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Embassy of Finland
K. Kalinausko g. 24
Embassy of Lithuania
Pohjoisranta 4 A 15

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Halina Kobeckaitė, Ambassador of the Republic of Lithuania to the Republic of Finland in 2007-2011, and Tarja Halonen, President of the Republic of Finland

A 100 years ago, two states, Lithuania and Finland, started their diplomatic relations with a good will and hope. Since 1990, when Lithuania restored its independence, these relations were renewed after 50 years of gap. So for the last 30 years we are again going together on the same European path. Congratulations to all of us who contributed to the success of this remarkable journey!

During a celebration of any anniversary we are used to look back and overview the work done, count the achievements. While reviewing the 100 years of the diplomatic relations between Lithuania and Finland, we can name many people that were involved in creating and strengthening these connections as well as facilitating relations among all Baltic Sea countries.

When taking up my duties as Ambassador of Lithuania to Finland, I felt lucky. I knew I’d find here a lot of my friends from previous activities. Also I had a pleasure rediscovering many people that were for some time already actively involved in promoting Lithuania. My old friend, writer and translator Mrs. Ulla-Liissa Heino I knew since 1991 when she invited me to participate in the creation of the Cultural Foundation of the Lithuanian - Finnish Association, later called “Donelaitis Seura”. Other good friends also contributed a lot, especially for the Lithuanian culture - the member of this Association Honorary Consul Mr. Aulis Tinnilä, also writer Mrs. Kirsti Siraste, who was linked with Vilnius through her ancestors, and so she established a special prize for Polish poets in Vilnius and organized conferences Palta-Balta for the intellectuals from countries around the Baltic Sea. Helsinki University prof. Mr. Tapani Harviainen was the first guest in my house in Vilnius immediately after the main meeting of Sąjūdis in 1988, and in the following years he was very active in supporting turcology studies in Vilnius and publishing the books on this subject. Physician Mr. Leo Kovarskis and his wife Isabelė were teaching Lithuanian language for kids of the community. Mr. Martti Blasnialis whom I met in Helsinki during my first visit here back in 1991, later learned from me the details about his lost family and so finally found his relatives in Lithuania.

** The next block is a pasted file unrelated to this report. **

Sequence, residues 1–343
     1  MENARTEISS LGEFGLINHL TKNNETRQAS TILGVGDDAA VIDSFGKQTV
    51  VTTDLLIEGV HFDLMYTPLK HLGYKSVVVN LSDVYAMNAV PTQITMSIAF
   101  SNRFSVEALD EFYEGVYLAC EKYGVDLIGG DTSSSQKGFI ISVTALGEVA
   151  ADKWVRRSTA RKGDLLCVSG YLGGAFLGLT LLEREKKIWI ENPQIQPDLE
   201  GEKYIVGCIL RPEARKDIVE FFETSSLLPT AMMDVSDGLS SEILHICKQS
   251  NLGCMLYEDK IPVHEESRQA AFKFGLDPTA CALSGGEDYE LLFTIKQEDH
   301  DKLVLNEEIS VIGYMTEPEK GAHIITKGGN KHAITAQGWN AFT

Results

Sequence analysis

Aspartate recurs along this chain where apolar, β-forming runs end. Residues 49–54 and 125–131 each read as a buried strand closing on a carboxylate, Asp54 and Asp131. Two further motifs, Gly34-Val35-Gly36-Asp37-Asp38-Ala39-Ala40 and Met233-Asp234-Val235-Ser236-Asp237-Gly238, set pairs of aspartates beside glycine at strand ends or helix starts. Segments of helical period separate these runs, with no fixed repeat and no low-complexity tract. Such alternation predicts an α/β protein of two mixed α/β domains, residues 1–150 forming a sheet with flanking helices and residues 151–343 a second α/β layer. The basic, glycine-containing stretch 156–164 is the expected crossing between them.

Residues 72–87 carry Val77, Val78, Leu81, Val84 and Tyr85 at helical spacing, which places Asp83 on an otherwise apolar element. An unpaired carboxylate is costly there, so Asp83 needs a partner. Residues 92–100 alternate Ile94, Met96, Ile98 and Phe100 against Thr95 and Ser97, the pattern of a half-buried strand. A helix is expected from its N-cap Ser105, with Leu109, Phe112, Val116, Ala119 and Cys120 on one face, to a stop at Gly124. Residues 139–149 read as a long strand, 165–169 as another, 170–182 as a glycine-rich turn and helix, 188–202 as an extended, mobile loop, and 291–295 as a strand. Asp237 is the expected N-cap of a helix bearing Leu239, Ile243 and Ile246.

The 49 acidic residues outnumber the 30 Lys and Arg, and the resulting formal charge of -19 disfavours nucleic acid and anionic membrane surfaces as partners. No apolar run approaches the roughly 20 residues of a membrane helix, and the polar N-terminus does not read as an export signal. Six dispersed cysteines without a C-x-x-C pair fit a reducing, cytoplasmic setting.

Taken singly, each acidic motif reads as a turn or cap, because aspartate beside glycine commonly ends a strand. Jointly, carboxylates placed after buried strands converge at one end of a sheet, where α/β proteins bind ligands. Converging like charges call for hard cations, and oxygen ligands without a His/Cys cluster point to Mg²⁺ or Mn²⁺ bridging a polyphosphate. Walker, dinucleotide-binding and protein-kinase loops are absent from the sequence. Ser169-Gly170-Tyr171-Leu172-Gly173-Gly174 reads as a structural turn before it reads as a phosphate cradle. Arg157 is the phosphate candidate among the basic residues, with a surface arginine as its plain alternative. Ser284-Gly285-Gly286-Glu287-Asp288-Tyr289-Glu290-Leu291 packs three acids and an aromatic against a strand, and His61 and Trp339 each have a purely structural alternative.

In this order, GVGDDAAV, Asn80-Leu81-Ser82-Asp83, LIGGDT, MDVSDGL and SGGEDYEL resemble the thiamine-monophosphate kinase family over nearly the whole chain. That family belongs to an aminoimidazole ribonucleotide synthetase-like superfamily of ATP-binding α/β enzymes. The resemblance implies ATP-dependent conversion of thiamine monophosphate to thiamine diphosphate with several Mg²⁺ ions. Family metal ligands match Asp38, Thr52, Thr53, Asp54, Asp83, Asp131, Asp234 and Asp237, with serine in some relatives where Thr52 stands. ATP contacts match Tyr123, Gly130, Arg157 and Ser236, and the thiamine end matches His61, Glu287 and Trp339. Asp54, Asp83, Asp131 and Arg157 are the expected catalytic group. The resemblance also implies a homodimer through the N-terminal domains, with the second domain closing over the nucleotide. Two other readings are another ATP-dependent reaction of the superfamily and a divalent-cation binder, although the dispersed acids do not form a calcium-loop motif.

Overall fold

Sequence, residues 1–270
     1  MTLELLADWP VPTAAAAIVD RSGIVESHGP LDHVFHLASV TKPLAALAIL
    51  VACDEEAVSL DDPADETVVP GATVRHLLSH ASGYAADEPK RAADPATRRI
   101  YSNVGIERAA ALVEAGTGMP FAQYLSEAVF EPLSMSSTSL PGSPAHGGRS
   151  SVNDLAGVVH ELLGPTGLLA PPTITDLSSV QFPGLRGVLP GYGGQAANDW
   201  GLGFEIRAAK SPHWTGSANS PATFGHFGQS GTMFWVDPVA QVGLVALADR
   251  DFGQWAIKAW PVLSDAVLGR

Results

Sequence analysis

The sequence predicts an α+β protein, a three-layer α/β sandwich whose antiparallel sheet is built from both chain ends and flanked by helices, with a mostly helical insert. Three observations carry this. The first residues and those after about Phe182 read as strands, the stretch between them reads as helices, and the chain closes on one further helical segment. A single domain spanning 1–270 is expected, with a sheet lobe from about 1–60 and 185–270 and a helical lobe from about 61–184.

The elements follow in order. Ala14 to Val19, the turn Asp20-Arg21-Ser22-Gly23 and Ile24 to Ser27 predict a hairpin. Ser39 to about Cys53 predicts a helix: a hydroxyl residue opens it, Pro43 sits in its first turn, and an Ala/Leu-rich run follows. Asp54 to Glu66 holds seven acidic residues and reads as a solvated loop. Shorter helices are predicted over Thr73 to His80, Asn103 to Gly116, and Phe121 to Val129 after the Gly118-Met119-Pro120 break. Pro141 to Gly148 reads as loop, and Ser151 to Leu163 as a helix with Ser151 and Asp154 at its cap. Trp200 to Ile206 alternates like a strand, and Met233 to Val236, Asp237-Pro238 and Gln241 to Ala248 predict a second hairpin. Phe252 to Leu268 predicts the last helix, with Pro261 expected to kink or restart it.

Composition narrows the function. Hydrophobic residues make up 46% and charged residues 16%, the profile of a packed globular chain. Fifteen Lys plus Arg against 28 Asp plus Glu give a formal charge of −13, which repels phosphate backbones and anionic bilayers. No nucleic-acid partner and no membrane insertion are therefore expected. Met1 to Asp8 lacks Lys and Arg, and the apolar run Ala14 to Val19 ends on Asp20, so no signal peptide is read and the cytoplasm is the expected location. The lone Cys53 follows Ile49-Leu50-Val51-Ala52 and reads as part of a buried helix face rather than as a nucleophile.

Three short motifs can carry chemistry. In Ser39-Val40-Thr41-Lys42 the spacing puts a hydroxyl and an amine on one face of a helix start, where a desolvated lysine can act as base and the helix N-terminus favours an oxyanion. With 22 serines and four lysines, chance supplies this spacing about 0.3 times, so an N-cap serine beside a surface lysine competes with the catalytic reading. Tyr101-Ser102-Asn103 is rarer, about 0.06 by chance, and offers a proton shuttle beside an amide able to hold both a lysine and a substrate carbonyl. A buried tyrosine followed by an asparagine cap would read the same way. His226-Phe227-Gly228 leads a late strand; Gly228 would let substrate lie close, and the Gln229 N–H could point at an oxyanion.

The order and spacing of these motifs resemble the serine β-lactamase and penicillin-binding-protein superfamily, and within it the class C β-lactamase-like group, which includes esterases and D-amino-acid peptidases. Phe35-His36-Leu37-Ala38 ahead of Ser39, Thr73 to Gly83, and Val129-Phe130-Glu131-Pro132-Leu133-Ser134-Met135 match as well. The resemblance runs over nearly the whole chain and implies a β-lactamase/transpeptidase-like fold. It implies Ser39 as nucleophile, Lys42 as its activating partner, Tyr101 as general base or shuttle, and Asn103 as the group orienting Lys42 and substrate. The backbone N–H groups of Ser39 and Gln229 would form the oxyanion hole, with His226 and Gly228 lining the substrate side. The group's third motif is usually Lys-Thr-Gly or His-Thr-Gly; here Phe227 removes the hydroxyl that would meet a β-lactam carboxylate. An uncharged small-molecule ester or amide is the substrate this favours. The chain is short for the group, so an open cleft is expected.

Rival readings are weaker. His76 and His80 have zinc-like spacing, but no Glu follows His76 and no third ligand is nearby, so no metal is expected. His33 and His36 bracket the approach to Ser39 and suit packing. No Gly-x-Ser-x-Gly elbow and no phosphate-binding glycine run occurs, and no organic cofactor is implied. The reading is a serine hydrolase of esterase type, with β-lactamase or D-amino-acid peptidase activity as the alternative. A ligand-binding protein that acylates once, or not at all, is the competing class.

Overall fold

These people create lively bridges to public relations and public diplomacy activities pursued by the others, also faithfully developing links between our countries. Once I was introduced to prof. Hannu Niemi and learned about his grandfather prof. August Niemi, who was invited to Lithuania in 1920 and delivered the program of national education for our then newly restored state. I discovered also a very interesting Finnish writer Henry Parland (1908-1930), who was a nephew of a very well-known professor of aesthetics in Lithuania Mr. Vosylius Sezemanas, and who has spent two last years of his life in Kaunas. There he created his unfinished but very modern for that time novel “To Pieces”, that was translated to Lithuanian and printed in 2011 (“Sudužo”).

Moving deeper and back to the history, we come across Catherina Jagellonica (Kotryna Jogailaitė). Originally, a Lithuanian princess - her grand grandfather Jogaila or Jagiello was a Lithuanian Duke who became the King of Poland and started the Jagellonian dynasty - she is a well-known personality in Finland. Her son, King Sigismund Vaza III left a deep track in the history of Lithuania, Poland and Sweden. We have found her and her husband‘s footprints not only in Turku, but also in Pori. The state visit of the President of the Republic of Lithuania H.E. Valdas Adamkus was a perfect occasion to pay tribute to our common history. By the initiative of our Embassy, during his state visit H.E. Valdas Adamkus donated to the Mayor of Turku Mr. Mikko Pukkinen a modern portrait of Catherine Jagellonica created by a young Lithuanian artist Dainius Trumpis. This painting is placed now in the Castle museum. Also, the Lithuanian embassy in Finland, supported by brilliant Lithuanian and Finnish historians and researchers, under my leadership organized a seminar in Turku on 15 April 2009 titled “Catherine Jagellonica and Baltic cooperation - a modern view”. This seminar was dedicated to the historical relations between Finland and Lithuania, between all countries around the Baltic Sea since the ancient times. The Baltic Sea was always a route for interaction and trade. The states and nations in this region were influenced not only by national, ethnic culture but also by their interconnections and in some way by regional identity.